What is Malthusianism?
Malthusian population theory, or Malthusianism, says that at high population growth the food supply would not be able to maintain its pace, generating poverty on a large scale.
According to definitionexplorer, this idea was developed during the 18th century by Thomas Malthus, an English economist and clergyman, through the dissemination of his book known as “Essay on the principle of population”.
Malthus wanted to explain that the population grew in a geometric progression, while the production and supply of food had its smallest growth, only by an arithmetic progression.
Under the Malthusian hypothesis, high population growth could make food production unsustainable, as additional workers would not produce the extra quantity needed.
At the time, Malthus argued that there should be birth control for the most humble people, in order to avoid possible “demographic chaos”. What the economist did not foresee was the arrival of more technology that would allow a much higher production of food, avoiding the catastrophe of his theory.
Neomalthusianism and other demographic theories
The Malthusian Theory appeared during a time when the majority of the population left the countryside for cities, the main case in England at the end of the 18th century.
Shortly after disseminating his theory, Malthus witnessed the Industrial Revolution, which provided more productivity to agriculture with the development of more technology, disregarding the Malthusian hypothesis.
Even so, other population theories would appear later, placing the growth of the world population on the agenda in exchange for economic development, in addition to the supply of food.
This return takes place, even, with the return of Malthusianism during the middle of the 20th century, called Neomalthusianism.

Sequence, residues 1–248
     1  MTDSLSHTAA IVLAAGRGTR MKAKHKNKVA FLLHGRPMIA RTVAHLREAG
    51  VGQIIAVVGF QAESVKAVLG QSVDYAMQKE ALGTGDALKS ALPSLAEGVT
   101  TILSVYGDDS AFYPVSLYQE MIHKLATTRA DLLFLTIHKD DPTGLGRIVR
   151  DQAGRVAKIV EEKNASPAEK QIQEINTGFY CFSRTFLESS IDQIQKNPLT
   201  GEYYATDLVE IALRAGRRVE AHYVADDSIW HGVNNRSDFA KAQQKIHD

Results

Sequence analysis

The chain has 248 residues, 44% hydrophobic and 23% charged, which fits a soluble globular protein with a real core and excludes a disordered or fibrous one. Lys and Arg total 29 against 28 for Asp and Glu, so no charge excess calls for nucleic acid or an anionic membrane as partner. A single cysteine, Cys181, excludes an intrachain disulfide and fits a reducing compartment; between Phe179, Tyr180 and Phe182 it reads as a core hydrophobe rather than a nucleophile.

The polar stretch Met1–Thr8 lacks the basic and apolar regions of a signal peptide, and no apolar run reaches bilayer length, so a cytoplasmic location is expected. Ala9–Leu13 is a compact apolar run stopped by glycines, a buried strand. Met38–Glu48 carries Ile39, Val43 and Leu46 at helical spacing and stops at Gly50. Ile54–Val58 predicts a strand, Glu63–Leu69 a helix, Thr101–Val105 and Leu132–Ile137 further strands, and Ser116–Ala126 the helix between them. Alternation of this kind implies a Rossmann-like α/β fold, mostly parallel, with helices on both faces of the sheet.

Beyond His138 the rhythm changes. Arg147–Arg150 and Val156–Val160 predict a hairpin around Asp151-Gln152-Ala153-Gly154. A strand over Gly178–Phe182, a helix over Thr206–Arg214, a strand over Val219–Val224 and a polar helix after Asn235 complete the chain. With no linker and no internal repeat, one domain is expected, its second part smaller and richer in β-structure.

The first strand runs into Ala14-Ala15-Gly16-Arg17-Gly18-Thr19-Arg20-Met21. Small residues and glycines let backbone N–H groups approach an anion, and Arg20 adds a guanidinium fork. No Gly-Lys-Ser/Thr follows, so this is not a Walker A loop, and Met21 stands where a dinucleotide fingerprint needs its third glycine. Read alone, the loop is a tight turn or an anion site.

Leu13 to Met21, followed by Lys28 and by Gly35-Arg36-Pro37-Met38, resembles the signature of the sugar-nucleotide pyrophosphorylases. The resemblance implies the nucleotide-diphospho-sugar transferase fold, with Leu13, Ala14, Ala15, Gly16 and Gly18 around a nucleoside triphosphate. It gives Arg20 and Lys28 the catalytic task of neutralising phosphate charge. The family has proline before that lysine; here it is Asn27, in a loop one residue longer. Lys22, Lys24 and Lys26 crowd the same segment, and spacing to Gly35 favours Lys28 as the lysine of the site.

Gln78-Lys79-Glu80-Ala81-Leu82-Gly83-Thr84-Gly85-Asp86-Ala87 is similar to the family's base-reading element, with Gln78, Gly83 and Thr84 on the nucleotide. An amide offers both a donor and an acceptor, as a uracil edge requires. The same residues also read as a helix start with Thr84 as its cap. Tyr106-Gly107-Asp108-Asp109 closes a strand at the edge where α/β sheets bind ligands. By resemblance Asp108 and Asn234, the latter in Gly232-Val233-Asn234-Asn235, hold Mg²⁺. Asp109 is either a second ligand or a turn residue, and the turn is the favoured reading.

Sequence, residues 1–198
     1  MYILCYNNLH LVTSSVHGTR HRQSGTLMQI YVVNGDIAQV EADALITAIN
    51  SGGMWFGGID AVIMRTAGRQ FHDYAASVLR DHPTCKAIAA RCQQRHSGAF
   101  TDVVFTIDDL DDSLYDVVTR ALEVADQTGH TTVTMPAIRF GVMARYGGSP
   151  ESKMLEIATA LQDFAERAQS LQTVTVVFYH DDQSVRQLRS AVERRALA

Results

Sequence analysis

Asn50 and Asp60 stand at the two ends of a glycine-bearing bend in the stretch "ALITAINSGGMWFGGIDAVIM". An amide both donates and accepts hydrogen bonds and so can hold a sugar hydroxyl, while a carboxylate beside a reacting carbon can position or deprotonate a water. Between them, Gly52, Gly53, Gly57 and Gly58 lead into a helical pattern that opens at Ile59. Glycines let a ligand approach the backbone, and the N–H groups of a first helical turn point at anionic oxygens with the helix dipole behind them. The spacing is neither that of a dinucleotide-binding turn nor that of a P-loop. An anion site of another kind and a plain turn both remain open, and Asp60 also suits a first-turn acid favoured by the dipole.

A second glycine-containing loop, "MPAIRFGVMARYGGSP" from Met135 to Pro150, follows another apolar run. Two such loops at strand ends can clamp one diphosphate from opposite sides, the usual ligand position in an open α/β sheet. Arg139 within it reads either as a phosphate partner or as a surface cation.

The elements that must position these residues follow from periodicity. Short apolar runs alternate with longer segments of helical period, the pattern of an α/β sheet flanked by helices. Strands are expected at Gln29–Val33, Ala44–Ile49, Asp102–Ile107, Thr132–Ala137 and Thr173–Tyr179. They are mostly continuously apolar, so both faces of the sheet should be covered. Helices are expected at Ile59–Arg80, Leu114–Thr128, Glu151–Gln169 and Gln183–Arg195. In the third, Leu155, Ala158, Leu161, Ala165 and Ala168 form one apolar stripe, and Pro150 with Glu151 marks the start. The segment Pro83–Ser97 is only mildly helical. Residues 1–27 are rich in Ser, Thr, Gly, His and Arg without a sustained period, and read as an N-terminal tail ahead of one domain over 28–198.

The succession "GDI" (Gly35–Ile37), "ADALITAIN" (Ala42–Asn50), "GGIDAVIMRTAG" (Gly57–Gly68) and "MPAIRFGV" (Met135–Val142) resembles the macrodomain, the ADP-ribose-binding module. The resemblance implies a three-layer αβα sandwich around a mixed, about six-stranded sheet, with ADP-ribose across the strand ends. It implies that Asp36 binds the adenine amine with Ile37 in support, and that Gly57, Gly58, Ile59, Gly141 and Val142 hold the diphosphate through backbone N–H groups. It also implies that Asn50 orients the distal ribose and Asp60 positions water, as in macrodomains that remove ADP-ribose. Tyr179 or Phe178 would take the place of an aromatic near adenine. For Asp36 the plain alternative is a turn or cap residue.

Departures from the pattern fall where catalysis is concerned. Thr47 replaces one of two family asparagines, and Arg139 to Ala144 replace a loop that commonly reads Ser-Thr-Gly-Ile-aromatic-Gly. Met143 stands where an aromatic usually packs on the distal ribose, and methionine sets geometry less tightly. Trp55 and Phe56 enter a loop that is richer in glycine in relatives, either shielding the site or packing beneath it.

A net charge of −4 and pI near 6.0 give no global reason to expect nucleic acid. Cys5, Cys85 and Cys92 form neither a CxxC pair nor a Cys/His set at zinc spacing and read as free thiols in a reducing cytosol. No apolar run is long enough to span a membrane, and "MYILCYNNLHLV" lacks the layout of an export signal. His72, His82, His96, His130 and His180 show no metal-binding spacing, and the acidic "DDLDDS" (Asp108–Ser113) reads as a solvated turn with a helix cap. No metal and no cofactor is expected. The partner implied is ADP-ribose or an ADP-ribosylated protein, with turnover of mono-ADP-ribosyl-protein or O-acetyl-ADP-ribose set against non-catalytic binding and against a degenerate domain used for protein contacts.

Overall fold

With the return of Malthus’ theory, by the Neomalthusians, there was a perception of population growth in underdeveloped countries due to the greater access to health care for these people.
The theorists of Neomalthusianismo justified that the offer of greater resources to the population would generate greater expenses to the governments, distributing less resources in areas where there could be economic growth.
Reformist Population Theory
The Reformist Theory is approached mainly by defenders of Karl Marx and socialism, being against Neomalthusianism. It is also known as Antimalthusian Theory.
For reformers, overpopulation is generated as a result of poverty due to capitalism, and not as a cause of better economic conditions as advocated by the neo-Malthusians.
Because of this, the defenders of this theory are in favor of that socioeconomic programs improve the standard of living of the poorest people.
Demographic Transition Theory
This theory, developed at the end of the 1920s, disagrees with previous theories about the accelerated increase of the population.
The idea, in this case, relates the movement of people from the countryside to the city, where the population could have access to better conditions, increasing life expectancy.
The statement is that, even with the increase in life expectancy (reduction in mortality rates), people would also start to conceive less children, also reducing birth rates.
The process that this theory defends happens in different phases, which are:
Phase 1: Pre-transition
This is the stage when a country has, in its population, high birth rates and also mortality rates. This is the case where most people are in the countryside.
Due to the high birth rate, food production accelerates, but in contrast, health care and basic sanitation are scarce, also increasing mortality.
Phase 2: Start of transition
Phase in which health care and basic sanitation improve, reducing mortality rates, and part of the rural people travel to cities.
However, birth rates remain high and the result is an exponential increase in the population.
Phase 3: End of transition
The end of the transition is the phase when a good part of the population has already moved to the cities, where they found better socioeconomic conditions and health care.
This is the stage, too, where birth rates begin to decline, and the general level of the population decreases again.
Phase 4: Post-transition
In a more modern model of this theory, a fourth phase has been included where birth rates and mortality rates are low and equivalent.
There may still be a phase after this, where birth rates are below mortality rates, since a large part of the population chooses to have a small number of children.